DiCarlo v. Suffolk Constr. Co., Inc. v. Angelini Plastering, Inc., is a case that resulted in a somewhat significant change to workers’ compensation law in Massachusetts. In a typical case, workers’ compensation is an exclusive remedy. This means that a worker who is injured or becomes sick due to a job-related injury or illness can file a workers’ compensation claim with his or her employer but cannot file a lawsuit against his or her employer.
However, the worker is not required to prove negligence or intentional conduct committed by the employer in order to collect workers’ compensation benefits. The reason is because the workers’ compensation system in Boston in a no-fault system. This no-fault system benefits the worker by theoretically making it easier to collect benefits, because all a worker has to establish is that he or she was injured or became ill, that injury or illness was work-related, and they are an employee as opposed to an independent contractor.
This system is also a benefit to the employer, because the employer will have a predictable amount to pay each month as a workers’ compensation insurance policy premium, and damages will only include lost wages and past and future medical expenses in most cases. There is no provision for pain and suffering damages in a Boston workers’ compensation claim.
The exception to not being allowed to file a civil lawsuit is when the injury was caused by a negligent third party. We are typically dealing with an employee who is injured on the job while driving in a car. The employee can still collect workers’ compensation benefits, and can still file a lawsuit against the driver. The reason a worker would want to do this is because the driver likely has insurance, and the damages in a civil personal injury lawsuit can include lost wages and medical expenses and can also include damages for pain and suffering. Pain and suffering damages are not generally available in traditional workers’ compensation cases.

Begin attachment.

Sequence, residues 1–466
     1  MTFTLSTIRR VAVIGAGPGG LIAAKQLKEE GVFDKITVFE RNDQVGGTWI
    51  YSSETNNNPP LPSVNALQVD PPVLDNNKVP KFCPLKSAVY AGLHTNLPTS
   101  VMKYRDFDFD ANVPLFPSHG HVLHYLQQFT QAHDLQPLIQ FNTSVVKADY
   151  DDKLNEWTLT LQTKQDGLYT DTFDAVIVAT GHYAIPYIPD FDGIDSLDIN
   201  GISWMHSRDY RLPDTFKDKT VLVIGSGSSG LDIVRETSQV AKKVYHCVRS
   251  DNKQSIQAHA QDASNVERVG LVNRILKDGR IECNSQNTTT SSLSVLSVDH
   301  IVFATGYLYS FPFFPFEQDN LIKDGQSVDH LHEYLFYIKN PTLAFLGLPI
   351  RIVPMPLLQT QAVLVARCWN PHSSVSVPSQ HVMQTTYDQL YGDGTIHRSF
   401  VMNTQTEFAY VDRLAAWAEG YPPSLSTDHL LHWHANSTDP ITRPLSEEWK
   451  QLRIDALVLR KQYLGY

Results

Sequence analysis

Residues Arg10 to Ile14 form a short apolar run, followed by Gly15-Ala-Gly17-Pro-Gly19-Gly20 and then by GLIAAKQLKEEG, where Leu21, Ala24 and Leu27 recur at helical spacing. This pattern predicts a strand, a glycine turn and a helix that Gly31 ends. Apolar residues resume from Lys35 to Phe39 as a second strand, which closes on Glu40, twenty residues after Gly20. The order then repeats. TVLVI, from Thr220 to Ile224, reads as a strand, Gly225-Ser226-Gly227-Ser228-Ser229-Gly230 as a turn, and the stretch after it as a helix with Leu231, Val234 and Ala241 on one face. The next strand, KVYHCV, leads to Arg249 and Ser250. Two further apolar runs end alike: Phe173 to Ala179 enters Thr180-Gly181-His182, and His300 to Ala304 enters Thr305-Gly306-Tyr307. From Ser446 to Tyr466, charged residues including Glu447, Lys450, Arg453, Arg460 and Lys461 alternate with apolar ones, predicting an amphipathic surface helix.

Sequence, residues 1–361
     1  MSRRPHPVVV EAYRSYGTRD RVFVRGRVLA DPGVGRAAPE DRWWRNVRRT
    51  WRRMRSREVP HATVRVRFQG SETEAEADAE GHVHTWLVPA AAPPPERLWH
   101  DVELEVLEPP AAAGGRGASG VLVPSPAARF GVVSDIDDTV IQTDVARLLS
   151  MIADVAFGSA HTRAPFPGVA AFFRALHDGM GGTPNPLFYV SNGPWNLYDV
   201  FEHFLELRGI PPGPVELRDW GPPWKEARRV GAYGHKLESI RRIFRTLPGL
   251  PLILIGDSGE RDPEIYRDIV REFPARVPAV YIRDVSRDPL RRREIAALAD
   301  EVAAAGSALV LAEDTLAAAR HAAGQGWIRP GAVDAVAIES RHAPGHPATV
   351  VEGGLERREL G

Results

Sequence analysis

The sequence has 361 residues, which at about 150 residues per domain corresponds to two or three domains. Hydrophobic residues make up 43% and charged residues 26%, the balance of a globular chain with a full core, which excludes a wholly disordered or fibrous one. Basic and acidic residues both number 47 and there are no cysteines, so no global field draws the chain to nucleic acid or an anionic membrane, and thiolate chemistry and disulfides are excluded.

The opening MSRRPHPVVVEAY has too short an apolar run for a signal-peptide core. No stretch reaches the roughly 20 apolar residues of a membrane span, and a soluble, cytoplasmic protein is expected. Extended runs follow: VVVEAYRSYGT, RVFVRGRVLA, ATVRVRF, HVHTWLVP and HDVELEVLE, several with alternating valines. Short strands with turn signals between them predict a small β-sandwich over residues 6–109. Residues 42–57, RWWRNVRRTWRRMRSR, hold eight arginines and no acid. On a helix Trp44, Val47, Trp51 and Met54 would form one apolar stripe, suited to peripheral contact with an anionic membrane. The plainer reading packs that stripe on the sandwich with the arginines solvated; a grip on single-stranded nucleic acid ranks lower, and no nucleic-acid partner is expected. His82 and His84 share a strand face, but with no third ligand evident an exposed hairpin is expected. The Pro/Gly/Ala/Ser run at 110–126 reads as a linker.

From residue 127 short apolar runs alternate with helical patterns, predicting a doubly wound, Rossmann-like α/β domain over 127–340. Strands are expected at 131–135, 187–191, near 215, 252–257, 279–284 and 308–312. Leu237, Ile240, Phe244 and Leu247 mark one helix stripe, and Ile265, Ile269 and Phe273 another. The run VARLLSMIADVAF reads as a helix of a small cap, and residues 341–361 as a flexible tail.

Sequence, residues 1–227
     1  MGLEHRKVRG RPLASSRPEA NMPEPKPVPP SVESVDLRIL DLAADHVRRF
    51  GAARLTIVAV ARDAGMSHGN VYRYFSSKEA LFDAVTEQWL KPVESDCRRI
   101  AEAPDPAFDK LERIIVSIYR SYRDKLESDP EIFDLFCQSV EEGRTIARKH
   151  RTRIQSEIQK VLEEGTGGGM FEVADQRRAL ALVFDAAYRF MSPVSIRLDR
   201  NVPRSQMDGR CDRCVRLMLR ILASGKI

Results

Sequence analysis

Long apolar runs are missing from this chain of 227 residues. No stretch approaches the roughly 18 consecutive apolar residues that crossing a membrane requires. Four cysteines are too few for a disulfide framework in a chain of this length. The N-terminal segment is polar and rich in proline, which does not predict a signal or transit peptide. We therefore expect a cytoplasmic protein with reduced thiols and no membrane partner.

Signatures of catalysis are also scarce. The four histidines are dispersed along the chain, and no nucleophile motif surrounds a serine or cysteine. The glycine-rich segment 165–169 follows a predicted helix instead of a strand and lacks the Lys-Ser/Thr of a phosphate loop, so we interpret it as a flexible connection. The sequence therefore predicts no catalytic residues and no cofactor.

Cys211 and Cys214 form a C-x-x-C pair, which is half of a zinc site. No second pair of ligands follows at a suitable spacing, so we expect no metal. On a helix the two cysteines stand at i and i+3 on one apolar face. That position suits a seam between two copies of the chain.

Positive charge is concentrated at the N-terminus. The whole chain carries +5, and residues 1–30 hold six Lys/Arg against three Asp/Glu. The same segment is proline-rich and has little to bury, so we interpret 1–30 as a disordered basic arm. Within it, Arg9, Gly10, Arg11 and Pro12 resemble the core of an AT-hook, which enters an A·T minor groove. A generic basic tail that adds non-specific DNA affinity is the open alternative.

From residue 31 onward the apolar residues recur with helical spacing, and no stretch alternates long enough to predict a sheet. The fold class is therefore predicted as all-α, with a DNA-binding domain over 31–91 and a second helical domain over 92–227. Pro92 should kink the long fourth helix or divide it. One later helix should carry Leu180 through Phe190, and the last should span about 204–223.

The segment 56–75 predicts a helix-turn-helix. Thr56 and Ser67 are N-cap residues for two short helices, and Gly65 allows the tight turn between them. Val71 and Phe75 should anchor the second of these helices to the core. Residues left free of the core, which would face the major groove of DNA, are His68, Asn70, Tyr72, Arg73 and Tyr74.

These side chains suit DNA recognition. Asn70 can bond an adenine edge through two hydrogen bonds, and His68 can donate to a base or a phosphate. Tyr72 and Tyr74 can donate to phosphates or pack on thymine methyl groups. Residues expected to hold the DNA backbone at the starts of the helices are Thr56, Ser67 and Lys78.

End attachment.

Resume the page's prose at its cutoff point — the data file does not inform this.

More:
However, if you collect workers’ compensation (or were merely eligible to do so), and also sue the negligent third party, you must reimburse your employer for any workers’ compensation you received. This is getting off without paying anything, and the claimant is still experienced a reduction in benefits.
In DiCarlo, two employees were injured on the job in an accident involving a third party negligent defendant. After collection of workers’ compensation, the employees filed two lawsuits against negligent defendant. The award include special damages plus an award for pain and suffering. The employer demanded payment from all proceeds of the lawsuit. Ultimately, on appeal, the Massachusetts Supreme Judicial Court (SJC), which is the formal name our state supreme court, ruled that damages in a personal injury lawsuit are exempt from any lien created by an employer or workers’ compensation claim.
In other words, an employee would have to reimburse his or her employer for an award for past medical expenses, future medical expenses, and even lost wages, but would not have to reimburse former employer for any amount of money connected with an award for pain and suffering.
If you or someone you love has been injured in a Boston work accident, call for a free and confidential appointment at (617) 777-7777.
DiCarlo v. Suffolk Constr. Co., Inc. v. Angelini Plastering, Inc., February 12, 2016, Massachusetts Supreme Judicial Court
More Blog Entries:
Elevator Mechanic Killed when Falling Down Shaft, Jan. 24, 2015, Boston Workers’ Compensation Lawyer Blog